Jay Mathews’s Jan. 28 Education column, “Dartmouth denies AP credits without studying the research,” spotlighted a policy modification recently approved by the faculty of Dartmouth College: While Advanced Placement scores will continue to be used to ensure proper course placement of incoming students, beginning in 2014 we will no longer grant credit toward graduation for such scores.
The decision’s rationale is rooted in our faculty’s belief that high AP exam scores are not a substitute for a Dartmouth undergraduate class.
Our policy is not a rejection of the quality of education that high school teachers provide, as Mr. Mathews stated. Nor is it an affront to the value of AP classes. Students with qualifying scores will continue to be able to place out of certain introductory courses or be exempted from certain requirements. This policy lets students take more advanced courses within the normal four-year program.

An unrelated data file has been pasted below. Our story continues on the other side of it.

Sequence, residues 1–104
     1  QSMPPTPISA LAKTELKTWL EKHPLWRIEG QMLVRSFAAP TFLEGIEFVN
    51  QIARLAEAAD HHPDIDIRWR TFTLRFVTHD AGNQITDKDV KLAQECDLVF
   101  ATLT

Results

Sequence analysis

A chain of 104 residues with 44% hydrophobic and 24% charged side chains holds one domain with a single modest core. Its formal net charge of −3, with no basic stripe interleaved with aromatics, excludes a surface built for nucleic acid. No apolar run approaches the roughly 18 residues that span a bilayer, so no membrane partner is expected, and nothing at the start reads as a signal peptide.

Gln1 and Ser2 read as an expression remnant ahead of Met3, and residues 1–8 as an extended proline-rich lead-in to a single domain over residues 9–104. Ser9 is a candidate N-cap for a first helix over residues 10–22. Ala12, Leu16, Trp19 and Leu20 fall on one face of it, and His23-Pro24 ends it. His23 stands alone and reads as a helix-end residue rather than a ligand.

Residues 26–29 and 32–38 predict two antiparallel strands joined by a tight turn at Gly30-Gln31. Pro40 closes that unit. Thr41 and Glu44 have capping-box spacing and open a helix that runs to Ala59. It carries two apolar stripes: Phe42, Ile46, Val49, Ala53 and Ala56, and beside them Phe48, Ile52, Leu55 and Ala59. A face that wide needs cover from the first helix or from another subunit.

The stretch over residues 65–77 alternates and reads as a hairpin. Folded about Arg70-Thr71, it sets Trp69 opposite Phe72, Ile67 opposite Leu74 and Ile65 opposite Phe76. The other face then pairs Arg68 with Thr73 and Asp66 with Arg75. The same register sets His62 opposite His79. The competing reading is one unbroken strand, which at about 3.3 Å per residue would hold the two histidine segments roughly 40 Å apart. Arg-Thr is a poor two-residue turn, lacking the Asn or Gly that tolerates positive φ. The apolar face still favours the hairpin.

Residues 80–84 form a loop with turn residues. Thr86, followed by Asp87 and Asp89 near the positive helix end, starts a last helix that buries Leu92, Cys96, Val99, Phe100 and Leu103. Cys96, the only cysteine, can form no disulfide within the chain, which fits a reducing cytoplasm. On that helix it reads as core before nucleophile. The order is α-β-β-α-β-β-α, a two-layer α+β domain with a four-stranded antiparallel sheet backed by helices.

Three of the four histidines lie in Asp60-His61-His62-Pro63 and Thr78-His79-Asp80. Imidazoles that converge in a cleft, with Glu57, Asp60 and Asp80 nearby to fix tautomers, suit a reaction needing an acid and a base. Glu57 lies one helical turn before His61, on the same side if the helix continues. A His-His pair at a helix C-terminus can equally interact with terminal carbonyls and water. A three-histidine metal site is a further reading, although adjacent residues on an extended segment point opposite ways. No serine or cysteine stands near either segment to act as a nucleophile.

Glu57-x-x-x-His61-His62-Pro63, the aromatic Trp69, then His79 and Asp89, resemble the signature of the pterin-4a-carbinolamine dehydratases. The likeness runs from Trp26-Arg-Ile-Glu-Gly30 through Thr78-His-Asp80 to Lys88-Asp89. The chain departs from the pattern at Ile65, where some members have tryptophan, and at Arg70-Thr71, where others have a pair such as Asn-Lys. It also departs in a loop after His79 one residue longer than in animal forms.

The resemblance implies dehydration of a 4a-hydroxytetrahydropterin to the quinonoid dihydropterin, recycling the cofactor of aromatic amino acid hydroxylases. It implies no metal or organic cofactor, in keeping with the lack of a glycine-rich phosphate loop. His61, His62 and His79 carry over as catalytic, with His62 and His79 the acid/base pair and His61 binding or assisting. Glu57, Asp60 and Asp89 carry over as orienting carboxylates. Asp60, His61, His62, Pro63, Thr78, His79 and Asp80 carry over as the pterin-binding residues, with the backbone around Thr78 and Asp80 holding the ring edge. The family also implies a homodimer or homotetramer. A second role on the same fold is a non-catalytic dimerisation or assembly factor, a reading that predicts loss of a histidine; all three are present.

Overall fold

Additionally, it does not alter our strong commitment to affordability; Dartmouth currently meets 100 percent of demonstrated need in financial aid.
This modification is part of our constant drive to improve the institution’s academic rigor, and it follows other steps we’ve recently taken to that end.
Michael Mastanduno, Hanover, N.H.
The writer is the dean of the Faculty of Arts & Sciences at Dartmouth College.